Tag Archives: Relocating

think green

Color Your Move Green

Making your move environmentally friendly is easy! Here are a few guidelines to color your move green!

Sell or Give Away non-essential items:

Moving is a great way to get rid of things that are no longer needed, which will in turn reduce the cost of your move!

  • Yard Sales, CraigsList, Ebay are great resources to sell your items that you no longer need.
  • Donating items to charities, which are tax deductible and are helping others in need.
  • Books can be donated to local libraries, and most schools will be happy to make use of old computers.
  • Donate your excess food to local food pantries or to Move For Hunger.
  • Cut down on junk mail at your new address by filing a temporary change of address with your post office rather than a permanent one.

Use recyclable and reusable packing materials:

  • Your local Bekins agent can provide you with gently used cartons for a reduced fee, or no charge.
  • Use towels, sheets and blankets to wrap breakable items rather than bubble wrap, peanuts or packing paper.
  • If you do need to use peanuts, use cornstarch peanuts because they are biodegradable.
  • If you have room in your basement, garage or attic, keep some boxes for your next move or use them for storage of holiday décor and out of season clothing and shoes.
  • Use recyclable packing paper.
  • If you don’t want to keep your boxes take them to your local recycling center.

Use Eco Friendly Cleaning Supplies

  • Look for products that are non-toxic, biodegradable, and made from renewable resources (not petroleum).
  • Since cleaning supplies are not permitted for a move, you can make your own cleaning products with some vinegar, baking soda and warm water.

Natural cleaners. Vinegar, baking soda, salt and lemon.

Staying Green Post Move

  • Set up a recycling station in your kitchen or garage.
  • Upgrade your insulation – this can improve your home’s energy draw by 20-30 percent.
  • When buying new appliances, consider buying Energy Star-qualified.
  • Buy a new houseplant to improve air quality in your home.
  • Filter your tap water to avoid buying water bottles.
  • Pay your bills electronically, usually there are discounts and perks when you do this.
  • Reduce use of bug sprays and pesticides.
  • Unplug phone and computer chargers when not in use.
  • Use compact fluorescent, LED or halogen light bulbs.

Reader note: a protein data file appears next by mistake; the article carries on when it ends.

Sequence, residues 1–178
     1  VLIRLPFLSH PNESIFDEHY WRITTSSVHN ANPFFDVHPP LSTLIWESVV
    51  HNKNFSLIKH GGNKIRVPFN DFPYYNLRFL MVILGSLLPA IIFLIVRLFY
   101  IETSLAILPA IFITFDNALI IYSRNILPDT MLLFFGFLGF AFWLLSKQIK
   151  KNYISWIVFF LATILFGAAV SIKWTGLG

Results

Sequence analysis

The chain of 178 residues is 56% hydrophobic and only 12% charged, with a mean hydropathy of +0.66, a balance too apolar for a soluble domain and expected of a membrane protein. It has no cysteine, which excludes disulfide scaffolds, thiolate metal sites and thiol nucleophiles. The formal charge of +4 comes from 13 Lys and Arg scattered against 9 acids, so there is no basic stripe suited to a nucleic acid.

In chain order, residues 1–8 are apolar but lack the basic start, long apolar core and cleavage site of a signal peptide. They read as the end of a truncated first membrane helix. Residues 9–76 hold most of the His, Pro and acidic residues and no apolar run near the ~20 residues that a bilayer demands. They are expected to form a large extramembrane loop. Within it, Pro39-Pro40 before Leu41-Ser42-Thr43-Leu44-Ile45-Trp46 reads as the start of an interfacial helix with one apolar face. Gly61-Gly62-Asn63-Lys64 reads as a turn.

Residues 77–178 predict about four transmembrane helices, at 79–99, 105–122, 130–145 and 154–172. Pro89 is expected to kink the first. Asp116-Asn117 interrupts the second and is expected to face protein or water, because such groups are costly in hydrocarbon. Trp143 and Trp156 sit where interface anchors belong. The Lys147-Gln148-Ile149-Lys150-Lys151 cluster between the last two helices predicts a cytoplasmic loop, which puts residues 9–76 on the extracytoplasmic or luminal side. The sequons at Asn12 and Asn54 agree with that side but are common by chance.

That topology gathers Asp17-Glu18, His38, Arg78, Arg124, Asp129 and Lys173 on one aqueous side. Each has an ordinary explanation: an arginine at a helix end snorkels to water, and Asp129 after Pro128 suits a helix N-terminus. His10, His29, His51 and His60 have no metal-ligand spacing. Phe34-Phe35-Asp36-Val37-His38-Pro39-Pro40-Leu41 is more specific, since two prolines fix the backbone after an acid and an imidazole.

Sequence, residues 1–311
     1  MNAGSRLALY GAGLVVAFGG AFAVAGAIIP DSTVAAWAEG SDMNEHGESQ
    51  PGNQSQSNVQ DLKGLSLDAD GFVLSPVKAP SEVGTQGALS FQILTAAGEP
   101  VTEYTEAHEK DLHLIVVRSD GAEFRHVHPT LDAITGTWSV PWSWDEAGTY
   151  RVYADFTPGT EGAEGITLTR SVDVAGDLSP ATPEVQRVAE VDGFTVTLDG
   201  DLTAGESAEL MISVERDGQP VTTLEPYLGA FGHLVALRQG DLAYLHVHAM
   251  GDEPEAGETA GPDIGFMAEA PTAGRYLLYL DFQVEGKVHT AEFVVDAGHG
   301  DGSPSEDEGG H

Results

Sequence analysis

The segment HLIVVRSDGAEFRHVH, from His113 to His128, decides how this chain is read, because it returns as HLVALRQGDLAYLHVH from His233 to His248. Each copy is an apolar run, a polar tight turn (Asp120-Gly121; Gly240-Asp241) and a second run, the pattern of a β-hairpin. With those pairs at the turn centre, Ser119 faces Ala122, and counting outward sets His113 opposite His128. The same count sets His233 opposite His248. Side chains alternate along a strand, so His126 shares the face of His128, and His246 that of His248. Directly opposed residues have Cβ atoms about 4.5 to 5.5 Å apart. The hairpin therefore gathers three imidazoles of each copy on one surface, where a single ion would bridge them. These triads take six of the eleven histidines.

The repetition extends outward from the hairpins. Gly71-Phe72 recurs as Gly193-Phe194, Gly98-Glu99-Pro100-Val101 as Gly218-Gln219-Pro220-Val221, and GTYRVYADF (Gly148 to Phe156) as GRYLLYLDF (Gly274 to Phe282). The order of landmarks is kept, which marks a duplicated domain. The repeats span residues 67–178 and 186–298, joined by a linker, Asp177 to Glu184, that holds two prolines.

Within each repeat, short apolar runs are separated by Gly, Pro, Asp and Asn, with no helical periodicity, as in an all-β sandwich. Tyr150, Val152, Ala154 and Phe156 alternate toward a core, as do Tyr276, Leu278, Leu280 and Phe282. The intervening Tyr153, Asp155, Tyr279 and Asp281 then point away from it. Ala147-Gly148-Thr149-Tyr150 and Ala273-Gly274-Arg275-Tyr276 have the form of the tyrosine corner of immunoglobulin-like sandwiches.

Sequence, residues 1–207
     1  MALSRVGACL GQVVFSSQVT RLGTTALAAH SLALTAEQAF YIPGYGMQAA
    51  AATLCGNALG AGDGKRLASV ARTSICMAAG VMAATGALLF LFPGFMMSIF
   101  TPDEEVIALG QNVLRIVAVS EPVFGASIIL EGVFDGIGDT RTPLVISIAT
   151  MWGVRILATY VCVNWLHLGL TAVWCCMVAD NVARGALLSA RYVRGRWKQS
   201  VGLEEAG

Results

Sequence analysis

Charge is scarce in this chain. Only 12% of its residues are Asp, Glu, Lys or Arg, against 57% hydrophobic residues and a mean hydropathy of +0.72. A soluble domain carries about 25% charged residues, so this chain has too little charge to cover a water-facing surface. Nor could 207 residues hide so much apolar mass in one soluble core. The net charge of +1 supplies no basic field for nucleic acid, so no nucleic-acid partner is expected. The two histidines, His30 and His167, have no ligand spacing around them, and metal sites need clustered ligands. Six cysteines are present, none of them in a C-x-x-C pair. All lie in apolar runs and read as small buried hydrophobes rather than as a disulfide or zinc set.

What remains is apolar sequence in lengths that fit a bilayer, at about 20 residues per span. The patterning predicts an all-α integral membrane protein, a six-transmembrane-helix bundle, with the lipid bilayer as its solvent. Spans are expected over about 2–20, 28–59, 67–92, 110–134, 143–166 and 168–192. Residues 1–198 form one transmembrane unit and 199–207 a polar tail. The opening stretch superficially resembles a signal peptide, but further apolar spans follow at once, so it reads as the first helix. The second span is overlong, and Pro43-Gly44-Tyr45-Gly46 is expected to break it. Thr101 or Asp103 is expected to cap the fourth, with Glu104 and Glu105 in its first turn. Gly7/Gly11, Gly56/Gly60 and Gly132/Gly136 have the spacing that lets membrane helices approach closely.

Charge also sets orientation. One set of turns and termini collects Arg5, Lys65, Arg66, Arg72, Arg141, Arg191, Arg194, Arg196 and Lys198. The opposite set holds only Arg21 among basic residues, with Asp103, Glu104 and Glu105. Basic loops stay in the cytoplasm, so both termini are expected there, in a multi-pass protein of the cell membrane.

• Adjust your heat/air conditioning when no one is home.

 

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Buyer Beware: Read This Before Buying a Flipped House

When relocating you will more than likely go through the process of finding a new home. Buying is a huge commitment, and it will be important take your time to ensure you find the perfect house for you and your family. During your search, you will most likely come across flipped homes for sale. A flipped house is a redevelopment of distressed or abandoned properties, fixing them up and selling them for a profit.

According to RealtyTrac, homes flipped in 2013 accounted for 4.6 percent of all U.S. single family home sales during the year, up from 4.2 percent in 2012 and up from 2.6 percent in 2011. There are a lot of people that are great at flipping houses, but there are some that do the bare minimum — mainly cosmetic improvements – to sell the house and make a buck. If you’re considering purchasing a flipped home, below are a few extra steps to ensure you purchase the best home for you and not one that was just cosmetically flipped.

  • Do your research.  Check online, ask your realtor and talk to the neighbors to find out about the house prior to the renovation. Realtors will have disclosers if the current owner received them, so make sure to ask for all documentation.
  • Hire an experienced home inspector and have your inspection done as soon as possible. A home inspector will be able to tell if the work on the house was complete and done properly.
  • Look for structural problems. Tip-offs include cracking in the exterior brick, evidence of tuck-pointing in the area, unleveled floors and bad finish work. If you suspect issues, consider hiring a structural engineer.
  • Check for permits on the house – unpermitted work is a bad sign. Make sure the permits were pulled and closed out properly with inspections done at completion.
  • Pay attention to details. Does the dryer and heater vent out of the house? Is there a new circuit breaker panel with a state inspection sticker on it? Ask to see the manuals of the new appliances as these should be on hand if they were recently bought. Check to see separate hot and cold knobs in the shower, this usually points to old plumbing.